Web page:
We know many of our clients are struggling with worries about the pandemic, and the changes to daily life caused by lockdown, so we would like to share the following advice from local psychotherapist Lyn Williams. We hope it’s helpful to you, and we hope you and your loved ones are safe and healthy.
Living with Challenges
We are currently living through challenging times; bombarded every day with distressing and negative news and images. We have to remember however, we are living with corona virus, not living for it. With this in mind, I have put together a few tips on how to manage your feelings and thoughts at this difficult time.
The current circumstances are forcing us all to slow down – no daily commute for many, and we can chose how we spend our time – worrying and fretting, or engaged in positive activities. We will emerge from this time having learnt many important lessons and hopefully, we won’t forget the positive aspects of our experience. So in this spirit, I hope you can take some of the suggestions below and use them to lighten your load, to challenge your fears and have a more comfortable path on the current journey we are all sharing.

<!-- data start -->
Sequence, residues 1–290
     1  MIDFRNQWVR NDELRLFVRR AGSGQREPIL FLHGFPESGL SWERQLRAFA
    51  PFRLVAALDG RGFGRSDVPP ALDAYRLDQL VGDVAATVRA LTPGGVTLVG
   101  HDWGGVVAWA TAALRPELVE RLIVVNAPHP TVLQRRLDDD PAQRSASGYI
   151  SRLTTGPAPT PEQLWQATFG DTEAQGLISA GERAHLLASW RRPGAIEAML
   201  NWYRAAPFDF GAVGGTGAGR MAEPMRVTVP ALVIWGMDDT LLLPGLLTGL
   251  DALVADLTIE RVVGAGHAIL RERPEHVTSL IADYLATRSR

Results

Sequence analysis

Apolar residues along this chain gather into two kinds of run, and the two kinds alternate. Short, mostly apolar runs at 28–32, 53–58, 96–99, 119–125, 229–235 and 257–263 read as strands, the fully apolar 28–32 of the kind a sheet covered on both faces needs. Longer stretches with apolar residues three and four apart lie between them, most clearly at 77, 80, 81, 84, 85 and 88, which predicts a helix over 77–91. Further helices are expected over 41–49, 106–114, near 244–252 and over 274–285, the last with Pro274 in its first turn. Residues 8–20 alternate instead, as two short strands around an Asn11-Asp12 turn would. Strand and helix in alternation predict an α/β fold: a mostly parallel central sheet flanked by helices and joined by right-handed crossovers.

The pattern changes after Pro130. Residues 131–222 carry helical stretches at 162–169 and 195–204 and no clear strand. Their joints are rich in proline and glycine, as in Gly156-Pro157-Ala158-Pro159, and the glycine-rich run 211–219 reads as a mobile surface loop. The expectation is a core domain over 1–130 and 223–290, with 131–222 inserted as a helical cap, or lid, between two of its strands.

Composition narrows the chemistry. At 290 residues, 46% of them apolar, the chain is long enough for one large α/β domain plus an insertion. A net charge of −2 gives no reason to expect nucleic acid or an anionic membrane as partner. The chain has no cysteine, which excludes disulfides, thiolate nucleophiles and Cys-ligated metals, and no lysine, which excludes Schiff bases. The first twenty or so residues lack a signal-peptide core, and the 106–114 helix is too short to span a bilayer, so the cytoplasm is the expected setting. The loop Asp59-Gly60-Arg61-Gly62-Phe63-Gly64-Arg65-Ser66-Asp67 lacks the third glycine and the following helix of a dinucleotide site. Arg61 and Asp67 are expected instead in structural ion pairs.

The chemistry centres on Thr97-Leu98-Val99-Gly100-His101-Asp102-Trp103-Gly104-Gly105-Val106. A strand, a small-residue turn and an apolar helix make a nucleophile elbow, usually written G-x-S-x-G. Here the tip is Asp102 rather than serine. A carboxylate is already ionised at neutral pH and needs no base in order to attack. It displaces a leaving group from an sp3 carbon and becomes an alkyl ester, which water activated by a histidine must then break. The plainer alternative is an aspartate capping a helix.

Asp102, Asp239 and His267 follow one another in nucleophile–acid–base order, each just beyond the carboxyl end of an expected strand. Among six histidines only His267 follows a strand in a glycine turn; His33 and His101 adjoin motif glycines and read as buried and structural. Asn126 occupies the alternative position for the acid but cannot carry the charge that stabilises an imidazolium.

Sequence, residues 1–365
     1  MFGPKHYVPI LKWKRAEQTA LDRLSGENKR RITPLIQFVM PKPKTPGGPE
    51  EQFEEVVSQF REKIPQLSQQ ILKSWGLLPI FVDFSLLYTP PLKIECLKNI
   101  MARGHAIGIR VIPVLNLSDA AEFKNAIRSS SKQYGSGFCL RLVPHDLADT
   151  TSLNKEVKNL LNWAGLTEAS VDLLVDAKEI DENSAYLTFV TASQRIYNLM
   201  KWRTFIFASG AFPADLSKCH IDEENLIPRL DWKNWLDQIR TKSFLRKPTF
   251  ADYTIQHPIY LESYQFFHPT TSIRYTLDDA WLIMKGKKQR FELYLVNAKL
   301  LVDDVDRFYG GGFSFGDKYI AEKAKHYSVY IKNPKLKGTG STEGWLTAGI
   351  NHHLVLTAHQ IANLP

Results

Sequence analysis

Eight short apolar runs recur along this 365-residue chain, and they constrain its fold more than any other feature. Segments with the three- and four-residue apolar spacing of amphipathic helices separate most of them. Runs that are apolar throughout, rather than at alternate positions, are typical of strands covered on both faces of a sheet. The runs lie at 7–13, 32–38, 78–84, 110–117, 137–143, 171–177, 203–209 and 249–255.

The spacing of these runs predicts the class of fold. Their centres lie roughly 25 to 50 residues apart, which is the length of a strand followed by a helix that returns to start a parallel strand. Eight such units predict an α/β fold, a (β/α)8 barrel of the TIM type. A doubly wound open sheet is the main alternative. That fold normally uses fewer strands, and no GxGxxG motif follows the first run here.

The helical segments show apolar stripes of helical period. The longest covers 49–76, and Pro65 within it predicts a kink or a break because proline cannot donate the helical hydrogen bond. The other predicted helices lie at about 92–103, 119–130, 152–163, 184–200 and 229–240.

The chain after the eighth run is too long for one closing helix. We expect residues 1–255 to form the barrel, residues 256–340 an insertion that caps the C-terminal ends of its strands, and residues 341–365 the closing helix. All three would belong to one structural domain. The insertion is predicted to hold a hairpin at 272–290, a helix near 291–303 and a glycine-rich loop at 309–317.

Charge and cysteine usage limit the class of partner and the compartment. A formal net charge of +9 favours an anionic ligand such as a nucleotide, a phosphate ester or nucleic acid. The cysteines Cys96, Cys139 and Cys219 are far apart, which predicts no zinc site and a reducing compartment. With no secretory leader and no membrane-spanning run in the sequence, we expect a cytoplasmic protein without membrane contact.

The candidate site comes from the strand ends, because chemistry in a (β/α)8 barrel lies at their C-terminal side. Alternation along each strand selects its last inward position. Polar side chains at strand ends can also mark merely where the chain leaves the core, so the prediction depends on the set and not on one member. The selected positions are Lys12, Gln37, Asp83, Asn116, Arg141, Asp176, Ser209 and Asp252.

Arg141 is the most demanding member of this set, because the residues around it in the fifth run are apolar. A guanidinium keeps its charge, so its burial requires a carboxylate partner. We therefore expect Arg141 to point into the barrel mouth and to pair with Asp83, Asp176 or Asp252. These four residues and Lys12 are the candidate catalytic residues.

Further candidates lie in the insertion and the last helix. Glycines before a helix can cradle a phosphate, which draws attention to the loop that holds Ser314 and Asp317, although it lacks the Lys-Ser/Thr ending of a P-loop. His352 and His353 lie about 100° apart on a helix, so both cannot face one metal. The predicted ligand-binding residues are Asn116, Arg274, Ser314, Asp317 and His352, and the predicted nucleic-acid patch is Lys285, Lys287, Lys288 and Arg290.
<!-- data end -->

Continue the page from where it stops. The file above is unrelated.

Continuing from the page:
Look closely at your negative thoughts – many people are afraid of death or dying. So with an ‘unknown’ threat like corona virus, it raises our deepest fears. People tend to gather negative ‘evidence’ to support their negative thoughts and then feel the evidence stacks up in support of a thought like, ‘I will get this illness. I will die.’ They will listen to too many radio or tv programmes, constantly check the internet, live every moment watching out for news. Whilst we need to listen to the Government guidance, we should not ‘over egg’ the threat to us, as it will cause us to live in a constant state of fear – a fight or flight type of response. For example, if we take a balanced view, at the time of writing this, there are 355 Covid 19 cases in Buckinghamshire and approximately 540,000 residents. That equates to a 1 in 2,114 chance of catching it. And if you are reading this and thinking, ‘Yes, but I might be next’, then that’s exactly the point I am making. You are not looking at the probability of you catching it, you are catastrophising and seeing yourself catching the illness as a foregone conclusion. This is not helpful for you. Other ways to consider this are, ask yourself, if a child verbalised the same fearful thought to you, what would you say to help rationalise their fear or comfort them? It is a challenge to think differently, but try not to assume, just because you feel something might be true, it actually is. Emotional reasoning is not a good basis on which to make decisions. Our minds can think anything – that’s why some people are so creative, but remember, great fiction comes from the mind – not everything we think is true.